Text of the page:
Let’s delve a bit deeper into the kinds of things that people can expect to “hear” during a hearing test. As we have mentioned in past blogs, hearing tests vary, depending on the needs of a patient. Because we don’t force everyone through a standardized, rigid test, people experience different things when they come in for a check.
Every hearing test starts with a series of beeps and tones. The beeps and tones are in different frequencies or pitches, with some low and deep and others high-pitched and squealing. People who listen to these tones hear more or fewer of them, depending on their ability. Their responses paint a picture of their general hearing ability.
Depending on the level of loss seen in the first test, two other tests can be used. One involves a secondary set of beeps and tones that is presented not directly to the ear, but behind the ear, through the skull, which encases our hearing system. By testing directly to the skull through the inner ear, we can find out whether there is a difference between hearing that way and hearing through the ear canal. If there is a significant difference, it could indicate that a person needs medical attention for an undiagnosed ear infection, or has wax or something blocking their hearing system, and needs attention. Tests like this allow us to ensure that a person gets the necessary medical attention and is only recommended a hearing aid if they actually need one.
We then do a verification test, which is fairly standard in our industry, asking the person to repeat certain words. Once or twice in thirteen years, we have had a person try to fake a test, for attention or some other reason, but that is truly an exception.
Most of our tests involve average to faint tones. We test for the softest sound that a person can hear, which establishes their hearing threshold. Another test that we do checks patients’ tolerance for loud sounds. In that test, we start with comfortable tones that get louder and louder, to measure the loudest sound that a person can reasonably tolerate, which is the ceiling of their hearing. Between the threshold and the ceiling lies a person’s range of hearing.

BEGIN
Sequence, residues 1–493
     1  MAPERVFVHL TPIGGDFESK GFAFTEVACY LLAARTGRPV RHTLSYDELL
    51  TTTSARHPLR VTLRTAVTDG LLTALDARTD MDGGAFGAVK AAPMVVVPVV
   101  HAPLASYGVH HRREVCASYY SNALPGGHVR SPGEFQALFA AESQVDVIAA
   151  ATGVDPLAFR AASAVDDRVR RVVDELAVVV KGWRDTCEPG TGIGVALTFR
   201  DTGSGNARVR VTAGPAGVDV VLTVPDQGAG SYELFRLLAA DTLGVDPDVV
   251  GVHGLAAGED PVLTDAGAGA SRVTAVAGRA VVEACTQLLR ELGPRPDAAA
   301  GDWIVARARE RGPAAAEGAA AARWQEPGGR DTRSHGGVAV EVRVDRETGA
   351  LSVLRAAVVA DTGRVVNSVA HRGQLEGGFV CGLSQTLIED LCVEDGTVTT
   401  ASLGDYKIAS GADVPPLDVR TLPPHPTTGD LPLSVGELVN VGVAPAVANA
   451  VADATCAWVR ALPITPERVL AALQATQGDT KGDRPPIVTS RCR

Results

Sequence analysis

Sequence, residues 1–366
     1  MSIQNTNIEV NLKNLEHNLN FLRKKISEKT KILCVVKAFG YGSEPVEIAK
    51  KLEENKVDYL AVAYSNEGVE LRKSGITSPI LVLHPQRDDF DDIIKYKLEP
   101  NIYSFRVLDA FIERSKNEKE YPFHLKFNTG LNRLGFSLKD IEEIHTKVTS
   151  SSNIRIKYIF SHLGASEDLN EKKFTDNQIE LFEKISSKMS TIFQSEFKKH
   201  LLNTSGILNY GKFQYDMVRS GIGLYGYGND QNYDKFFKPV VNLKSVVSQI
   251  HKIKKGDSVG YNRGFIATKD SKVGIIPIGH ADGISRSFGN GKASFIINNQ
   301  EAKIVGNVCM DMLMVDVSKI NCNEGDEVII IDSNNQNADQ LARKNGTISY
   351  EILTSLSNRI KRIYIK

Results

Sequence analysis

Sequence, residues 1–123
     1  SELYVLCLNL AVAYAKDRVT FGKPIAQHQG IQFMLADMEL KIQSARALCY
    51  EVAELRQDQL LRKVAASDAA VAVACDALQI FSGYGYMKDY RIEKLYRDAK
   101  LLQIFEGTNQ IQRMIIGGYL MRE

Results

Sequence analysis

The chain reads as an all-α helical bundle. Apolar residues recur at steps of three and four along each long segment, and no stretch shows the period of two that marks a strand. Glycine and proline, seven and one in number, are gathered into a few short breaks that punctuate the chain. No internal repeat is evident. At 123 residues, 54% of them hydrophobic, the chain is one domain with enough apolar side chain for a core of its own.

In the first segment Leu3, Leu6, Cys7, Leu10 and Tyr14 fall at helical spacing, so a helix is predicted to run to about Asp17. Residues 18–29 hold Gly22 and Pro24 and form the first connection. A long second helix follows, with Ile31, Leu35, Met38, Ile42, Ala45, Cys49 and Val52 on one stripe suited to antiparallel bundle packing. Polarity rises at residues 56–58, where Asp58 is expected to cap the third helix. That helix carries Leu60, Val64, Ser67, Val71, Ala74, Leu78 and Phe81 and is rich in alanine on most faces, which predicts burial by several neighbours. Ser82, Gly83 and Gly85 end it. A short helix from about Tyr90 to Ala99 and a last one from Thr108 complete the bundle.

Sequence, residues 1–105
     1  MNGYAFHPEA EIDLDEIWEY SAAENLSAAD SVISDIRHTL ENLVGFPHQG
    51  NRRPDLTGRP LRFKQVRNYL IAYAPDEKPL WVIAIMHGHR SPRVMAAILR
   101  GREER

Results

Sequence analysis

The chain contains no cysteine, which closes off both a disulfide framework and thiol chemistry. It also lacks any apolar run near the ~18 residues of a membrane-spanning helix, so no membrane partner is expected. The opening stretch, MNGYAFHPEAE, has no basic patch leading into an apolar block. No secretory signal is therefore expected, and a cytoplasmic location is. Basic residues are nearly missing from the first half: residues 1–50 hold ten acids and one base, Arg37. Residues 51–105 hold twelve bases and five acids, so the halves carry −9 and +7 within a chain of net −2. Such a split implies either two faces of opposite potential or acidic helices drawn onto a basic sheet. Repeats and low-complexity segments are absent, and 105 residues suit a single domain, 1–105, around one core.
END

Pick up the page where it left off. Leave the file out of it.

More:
It is important for us to understand where this lies, especially if a person has enough hearing loss to require a hearing aid. We want to elevate the faint sounds that they have trouble with, but protect them from having the hearing aid over-amplify things.
A third series of tests that we do are speech-related and aim to find the most comfortable volume for a person and determine, at that volume, how well their ear understands words. If their ear does not transfer sound correctly to the brain, for example, the word “sixty” may sound like “fifty,” which can be a sore point in situations involving calculations or prices.
Once we determine a person’s range of hearing, their most comfortable level of hearing, and their ears’ ability to transmit messages to their brain, we have a strong picture of what their ability to hear will be with a hearing aid. We then have to consider their chances of success with a hearing aid, keeping in mind the challenges that they may face and considering the assistive devices, counselling, or advice that we can offer them to help them satisfy their communication needs.
While the above are our main tests, we use several others if red flags indicate something more serious might be happening, as some medical problems lead to hearing loss or unpredictable hearing, including worst case scenarios such as tumours. Additional tests could involve different types of tone or word testing, or tests that don’t require a person to respond. We also use equipment to check inside the ear, measuring things such as ear and eardrum response, to find out what’s going on from another angle.
In a full-spectrum test, a person might experience all or most of these evaluations, which would give us a very accurate picture of their hearing system, their hearing health, and the type of hearing aids that might be best for them.
When we test a person’s hearing, our greatest hope is that we will be surprised to find that the person hears normally. If a person does not have enough hearing loss to require a hearing aid, we are happy to be the first ones to tell them that.
We’re not in the business of selling things that people don’t need. We want to help you find a solution that will meet your needs and allow you to fully communicate and interact normally in your environment. We hope to help you do the things that you want to do and go the places that you want to go, and to enjoy life again.
If you want to know more about Beltone Hearing Centres and how we can help you, visit www.askbeltone.com. As always, please feel free to share this information with those who could benefit from it.